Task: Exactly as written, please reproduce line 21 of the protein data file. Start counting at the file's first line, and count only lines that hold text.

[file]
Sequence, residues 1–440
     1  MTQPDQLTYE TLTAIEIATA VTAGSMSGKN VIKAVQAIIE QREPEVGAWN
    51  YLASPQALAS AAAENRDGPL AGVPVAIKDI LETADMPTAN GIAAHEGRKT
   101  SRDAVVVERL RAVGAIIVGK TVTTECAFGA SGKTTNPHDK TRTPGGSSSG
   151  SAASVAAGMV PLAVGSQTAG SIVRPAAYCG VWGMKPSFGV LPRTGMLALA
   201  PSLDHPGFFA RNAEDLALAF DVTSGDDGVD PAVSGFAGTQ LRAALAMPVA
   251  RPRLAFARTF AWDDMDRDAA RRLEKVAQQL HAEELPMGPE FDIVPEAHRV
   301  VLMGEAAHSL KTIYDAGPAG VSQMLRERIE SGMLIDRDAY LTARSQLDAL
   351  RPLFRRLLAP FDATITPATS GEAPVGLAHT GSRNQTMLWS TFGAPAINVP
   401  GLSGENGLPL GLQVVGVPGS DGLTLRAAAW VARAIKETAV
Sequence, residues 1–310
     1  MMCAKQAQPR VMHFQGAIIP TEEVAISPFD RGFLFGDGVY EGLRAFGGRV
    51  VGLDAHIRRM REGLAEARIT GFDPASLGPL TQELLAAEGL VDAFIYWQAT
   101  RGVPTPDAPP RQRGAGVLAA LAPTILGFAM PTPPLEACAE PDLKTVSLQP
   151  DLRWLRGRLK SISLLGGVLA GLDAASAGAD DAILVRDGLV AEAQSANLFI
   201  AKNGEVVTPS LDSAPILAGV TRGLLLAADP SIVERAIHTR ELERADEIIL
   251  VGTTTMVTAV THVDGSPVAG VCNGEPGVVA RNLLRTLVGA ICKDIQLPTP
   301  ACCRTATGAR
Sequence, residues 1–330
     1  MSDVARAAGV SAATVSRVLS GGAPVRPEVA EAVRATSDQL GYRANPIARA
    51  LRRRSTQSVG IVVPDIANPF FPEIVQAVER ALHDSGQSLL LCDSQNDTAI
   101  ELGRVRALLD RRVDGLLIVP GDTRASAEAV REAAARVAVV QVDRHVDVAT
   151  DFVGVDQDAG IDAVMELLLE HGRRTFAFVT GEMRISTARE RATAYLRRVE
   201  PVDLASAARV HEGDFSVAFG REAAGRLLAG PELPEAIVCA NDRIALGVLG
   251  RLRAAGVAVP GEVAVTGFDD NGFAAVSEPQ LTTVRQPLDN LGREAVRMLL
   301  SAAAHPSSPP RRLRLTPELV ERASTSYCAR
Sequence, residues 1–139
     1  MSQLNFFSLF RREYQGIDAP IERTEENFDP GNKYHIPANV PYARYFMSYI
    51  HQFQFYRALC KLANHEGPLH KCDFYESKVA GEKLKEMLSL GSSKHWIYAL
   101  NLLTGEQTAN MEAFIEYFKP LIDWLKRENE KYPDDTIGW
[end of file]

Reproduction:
    51  LRRRSTQSVG IVVPDIANPF FPEIVQAVER ALHDSGQSLL LCDSQNDTAI